Currently I'm working on a MUD as a hobby. Every 'action' in the game is implemented via abstract class Action and concrete sub-classes, like "Put", "Attack", "ChangeStance", etc.
I'm looking for suggestions on the design. It currently works, and is relatively open for expansion, but it just seems... messy. The architecture is especially messy in regards to sub-classes of Action which deal with Inventory functions.
These Action sub-classes contain three primary components:
- static ActionResult instantiateAction(String input) : This is called using reflection(so it has to be static)on the server, when a client enters a command that corresponds to this Action. The string is entered into another object which returns a Targetable object. If a Targetable object cannot be found, or if the object is not of enum TargetType.ITEM, then an ActionResult is returned with an error, the error is sent to the client(IE: "You can't pick that up, it's a monster!"), and the Action object is not created.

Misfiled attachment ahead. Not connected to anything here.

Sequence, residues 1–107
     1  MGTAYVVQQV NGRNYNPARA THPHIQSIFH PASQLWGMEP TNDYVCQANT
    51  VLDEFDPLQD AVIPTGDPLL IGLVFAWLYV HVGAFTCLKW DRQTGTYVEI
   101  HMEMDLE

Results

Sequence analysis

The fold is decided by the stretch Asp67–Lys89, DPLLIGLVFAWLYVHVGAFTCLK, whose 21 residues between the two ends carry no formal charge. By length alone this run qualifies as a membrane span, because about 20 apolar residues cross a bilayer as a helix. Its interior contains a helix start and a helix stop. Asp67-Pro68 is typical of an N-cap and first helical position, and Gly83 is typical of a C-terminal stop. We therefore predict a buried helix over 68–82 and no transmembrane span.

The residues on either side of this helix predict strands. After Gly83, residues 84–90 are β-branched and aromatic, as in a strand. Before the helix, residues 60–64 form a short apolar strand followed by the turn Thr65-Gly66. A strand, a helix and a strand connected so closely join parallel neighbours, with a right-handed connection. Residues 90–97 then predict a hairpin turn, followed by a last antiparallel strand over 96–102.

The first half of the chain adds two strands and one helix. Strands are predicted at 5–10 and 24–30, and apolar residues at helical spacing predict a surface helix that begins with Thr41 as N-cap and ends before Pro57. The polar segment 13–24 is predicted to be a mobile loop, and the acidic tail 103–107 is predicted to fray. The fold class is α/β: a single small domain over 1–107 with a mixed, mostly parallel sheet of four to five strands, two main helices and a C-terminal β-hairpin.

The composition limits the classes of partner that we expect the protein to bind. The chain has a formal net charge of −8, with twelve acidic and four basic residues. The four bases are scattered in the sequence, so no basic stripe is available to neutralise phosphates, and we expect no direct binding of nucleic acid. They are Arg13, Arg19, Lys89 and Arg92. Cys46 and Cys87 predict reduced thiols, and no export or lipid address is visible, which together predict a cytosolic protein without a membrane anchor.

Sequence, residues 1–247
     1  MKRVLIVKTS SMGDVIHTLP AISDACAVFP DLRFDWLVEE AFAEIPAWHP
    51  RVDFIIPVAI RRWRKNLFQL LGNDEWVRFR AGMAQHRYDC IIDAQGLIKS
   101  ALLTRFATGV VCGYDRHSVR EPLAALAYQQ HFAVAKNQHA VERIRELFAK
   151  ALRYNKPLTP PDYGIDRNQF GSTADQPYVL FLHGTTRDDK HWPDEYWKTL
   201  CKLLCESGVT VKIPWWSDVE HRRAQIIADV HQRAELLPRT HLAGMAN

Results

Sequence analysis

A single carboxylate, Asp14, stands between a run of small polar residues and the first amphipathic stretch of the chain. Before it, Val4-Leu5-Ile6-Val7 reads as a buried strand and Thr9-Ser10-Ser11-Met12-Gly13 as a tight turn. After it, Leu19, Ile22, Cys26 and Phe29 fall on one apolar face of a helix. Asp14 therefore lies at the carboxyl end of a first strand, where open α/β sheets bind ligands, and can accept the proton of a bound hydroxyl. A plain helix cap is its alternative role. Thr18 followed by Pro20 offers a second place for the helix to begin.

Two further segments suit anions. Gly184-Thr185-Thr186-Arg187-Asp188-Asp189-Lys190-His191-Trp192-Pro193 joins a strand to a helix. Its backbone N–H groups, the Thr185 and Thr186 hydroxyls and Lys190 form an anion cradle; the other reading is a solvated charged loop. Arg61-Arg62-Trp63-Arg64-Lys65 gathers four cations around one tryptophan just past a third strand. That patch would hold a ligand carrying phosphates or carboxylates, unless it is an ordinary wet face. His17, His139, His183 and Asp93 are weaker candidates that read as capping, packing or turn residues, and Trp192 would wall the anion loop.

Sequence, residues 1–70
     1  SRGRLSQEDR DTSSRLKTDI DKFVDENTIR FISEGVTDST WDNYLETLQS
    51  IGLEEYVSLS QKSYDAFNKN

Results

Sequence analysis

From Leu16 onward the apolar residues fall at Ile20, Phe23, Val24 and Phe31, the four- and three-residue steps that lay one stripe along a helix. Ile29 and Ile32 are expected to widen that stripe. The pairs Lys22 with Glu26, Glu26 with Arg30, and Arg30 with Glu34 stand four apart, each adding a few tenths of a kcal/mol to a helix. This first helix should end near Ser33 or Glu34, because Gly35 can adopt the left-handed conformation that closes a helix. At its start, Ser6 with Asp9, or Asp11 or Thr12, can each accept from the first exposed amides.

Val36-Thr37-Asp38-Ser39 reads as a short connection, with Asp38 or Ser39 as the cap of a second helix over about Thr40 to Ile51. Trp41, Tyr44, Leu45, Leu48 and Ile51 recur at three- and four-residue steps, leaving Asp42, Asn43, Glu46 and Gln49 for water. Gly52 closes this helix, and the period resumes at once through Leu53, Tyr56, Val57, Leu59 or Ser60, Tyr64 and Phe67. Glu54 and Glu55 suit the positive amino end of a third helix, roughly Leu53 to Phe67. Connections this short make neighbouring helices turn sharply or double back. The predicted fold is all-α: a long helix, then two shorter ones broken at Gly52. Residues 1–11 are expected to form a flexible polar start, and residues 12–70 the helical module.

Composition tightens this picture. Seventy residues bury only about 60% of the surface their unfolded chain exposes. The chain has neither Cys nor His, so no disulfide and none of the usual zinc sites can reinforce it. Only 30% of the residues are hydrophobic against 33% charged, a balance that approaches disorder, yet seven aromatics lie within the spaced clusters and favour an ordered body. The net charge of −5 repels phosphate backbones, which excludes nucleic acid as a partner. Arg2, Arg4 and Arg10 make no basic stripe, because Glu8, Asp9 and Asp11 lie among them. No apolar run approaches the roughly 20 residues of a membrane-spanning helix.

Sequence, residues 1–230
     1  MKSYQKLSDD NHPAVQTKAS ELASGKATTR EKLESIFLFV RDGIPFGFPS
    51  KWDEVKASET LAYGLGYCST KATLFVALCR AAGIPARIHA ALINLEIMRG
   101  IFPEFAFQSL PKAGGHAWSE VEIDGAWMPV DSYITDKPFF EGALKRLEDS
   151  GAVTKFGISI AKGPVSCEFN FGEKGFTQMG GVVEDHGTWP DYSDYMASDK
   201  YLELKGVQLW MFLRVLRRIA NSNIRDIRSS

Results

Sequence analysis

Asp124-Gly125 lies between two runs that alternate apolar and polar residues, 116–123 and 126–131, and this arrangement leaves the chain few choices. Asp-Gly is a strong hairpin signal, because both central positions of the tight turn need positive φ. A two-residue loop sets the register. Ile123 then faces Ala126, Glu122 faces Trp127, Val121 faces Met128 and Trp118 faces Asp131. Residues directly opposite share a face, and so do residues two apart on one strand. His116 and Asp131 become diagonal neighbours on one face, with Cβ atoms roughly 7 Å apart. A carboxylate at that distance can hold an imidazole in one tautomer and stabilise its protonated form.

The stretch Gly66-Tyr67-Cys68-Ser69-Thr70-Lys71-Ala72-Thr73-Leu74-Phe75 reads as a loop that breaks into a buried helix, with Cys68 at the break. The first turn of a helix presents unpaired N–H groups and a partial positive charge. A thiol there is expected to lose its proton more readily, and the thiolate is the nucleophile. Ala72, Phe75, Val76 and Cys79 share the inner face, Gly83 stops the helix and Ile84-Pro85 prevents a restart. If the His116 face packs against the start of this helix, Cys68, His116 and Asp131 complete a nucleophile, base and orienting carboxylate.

- Constructor():createNarratives() is called here in order to produce descriptions of the actions, which are in turn sent to clients. The action itself is also placed on the player's actionStack to be performed.
- initMechanics():This is called when the action is actually performed from a mob's actionStack. As part of these particular sub-classes, an inventory function is called like Stow(Targetable), which can assume that what its getting is an item and isnt null, but not things like whether or not the item is in hand for stowing. Therefore this too returns an ActionResult which is checked for errors. If it has errors, then createNarratives() is called again, and its original (successful) narratives are replaced with an error. (IE: That item is on the ground. Pick it up first.)
Like I said, not the worst architecture in the world, and it works, but we ARE talking about a lot of eggs in one basket: recognition and response to client's text entry, narrative creation and error messaging, and actual nuts and bolts mechanics. (Although the latter is fairly well encapsulated into the Inventory object, this is not the case with most other Action sub-classes. Most of them contain about 25-30 lines of mechanics code. This provides for a TON of customizability in action specifics, but only because the developer is forced to work really low-level at all times.)